Conventionally, G protein-coupled receptors are thought to increase calcium via inositol 1,4,5-trisphosphate (InsP3). More recent evidence shows that an alternative second messenger, nicotinic acid adenine dinucleotide phosphate (NAADP), also has a role to play, causing researchers to question established calcium releasing pathways. With the recent development, by our group, of cell-permeant NAADP (NAADP-aceteoxymethyl ester) and a selective NAADP receptor antagonist (Ned-19; 1-(3-((4-(2-fluorophenyl)piperazin-1-yl)methyl)-4-methoxyphenyl)-2,3,4,9-tetrahydro-1H-pyrido[3,4-b]indole-3-carboxylic acid),the ability to investigate this signaling pathway has improved. Therefore, we investigated a role for NAADP in oxytocin-mediated responses in the rat uterus. Oxytocin- and NAADP-mediated effects were investigated by using contractile measurements of whole uterine strips from rat in organ baths. Responses were correlated to calcium release in cultured rat uterine smooth muscle cells measured by fluorescence microscopy. Inhibition of both oxytocin-induced contraction and calcium release by the traditional NAADP-signaling disrupter bafilomycin and the NAADP receptor antagonist Ned-19 clearly demonstrated a role for NAADP in oxytocin-induced signaling. A cell-permeant form of NAADP was able to produce both uterine contractions and calcium release. This response was unaffected by depletion of sarcoplasmic reticulum stores with thapsigargin, but was abolished by both bafilomycin and Ned-19. Crucially, oxytocin stimulated an increase in NAADP in rat uterine tissue. The present study demonstrates directly that NAADP signaling plays a role in rat uterine contractions. Moreover, investigation of this signaling pathway highlights yet another component of oxytocin-mediated signaling, stressing the need to consider the action of new components as they are discovered, even in signaling pathways that are thought to be well established.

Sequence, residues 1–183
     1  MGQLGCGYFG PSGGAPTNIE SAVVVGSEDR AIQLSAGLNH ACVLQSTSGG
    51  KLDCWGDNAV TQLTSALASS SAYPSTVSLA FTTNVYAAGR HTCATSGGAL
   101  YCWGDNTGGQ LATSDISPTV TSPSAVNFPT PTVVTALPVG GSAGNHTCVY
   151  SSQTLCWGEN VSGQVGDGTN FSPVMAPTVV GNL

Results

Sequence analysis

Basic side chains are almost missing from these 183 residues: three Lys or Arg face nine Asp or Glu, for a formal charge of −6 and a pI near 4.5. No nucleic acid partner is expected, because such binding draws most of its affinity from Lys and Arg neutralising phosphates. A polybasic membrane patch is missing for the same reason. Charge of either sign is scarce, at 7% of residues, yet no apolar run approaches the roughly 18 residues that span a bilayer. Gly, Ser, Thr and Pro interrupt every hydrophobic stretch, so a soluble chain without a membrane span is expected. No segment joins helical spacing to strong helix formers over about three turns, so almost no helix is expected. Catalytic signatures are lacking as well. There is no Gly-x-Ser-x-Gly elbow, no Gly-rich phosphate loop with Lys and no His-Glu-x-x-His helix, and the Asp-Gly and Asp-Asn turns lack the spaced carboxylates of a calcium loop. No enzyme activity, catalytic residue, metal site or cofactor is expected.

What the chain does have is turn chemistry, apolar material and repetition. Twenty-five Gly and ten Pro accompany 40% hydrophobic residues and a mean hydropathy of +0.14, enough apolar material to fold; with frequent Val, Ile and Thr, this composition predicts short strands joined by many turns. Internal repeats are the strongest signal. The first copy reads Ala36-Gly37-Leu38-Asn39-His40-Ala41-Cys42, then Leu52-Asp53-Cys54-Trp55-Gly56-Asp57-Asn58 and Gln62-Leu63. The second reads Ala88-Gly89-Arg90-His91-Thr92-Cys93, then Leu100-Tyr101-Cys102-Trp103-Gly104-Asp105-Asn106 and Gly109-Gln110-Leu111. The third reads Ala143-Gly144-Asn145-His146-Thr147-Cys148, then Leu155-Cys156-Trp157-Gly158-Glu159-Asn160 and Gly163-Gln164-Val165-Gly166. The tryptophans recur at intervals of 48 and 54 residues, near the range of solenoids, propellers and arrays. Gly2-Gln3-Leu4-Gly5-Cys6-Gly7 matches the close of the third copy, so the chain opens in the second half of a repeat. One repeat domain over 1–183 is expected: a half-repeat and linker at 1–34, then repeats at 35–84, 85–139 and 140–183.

The requirement for calcium in uterine contractions attracted attention as early as 1909 (Blair-Bell and Hick, 1909). During subsequent years, great progress has been made in understanding the mechanisms of action of calcium leading to this contraction. It is now well established that a rise in intracellular calcium in uterine smooth muscle causes activation of myosin light chain kinase and phosphorylation of myosin light chain, leading to contraction. This rise in calcium, as in many different cell types, is traditionally believed to be from two sources: extracellular calcium entry though plasma membrane calcium channels and release of calcium from the sarcoplasmic reticulum (Noble et al., 2009). Release from the sarcoplasmic reticulum is mediated through the action of agonists on plasma membrane G protein-coupled receptors predominantly leading to the production of the second messenger inositol 1,4,5-trisphosphate (InsP3). InsP3 acts at InsP3 receptors on the sarcoplasmic reticulum, causing them to open, allowing efflux of calcium into the cytosol. In addition, there are data supporting a role for the second messenger cyclic ADP-ribose (cADPR) acting at the alternative ryanodine receptors on the sarcoplasmic reticulum (Barata et al., 2004; Thompson et al., 2004).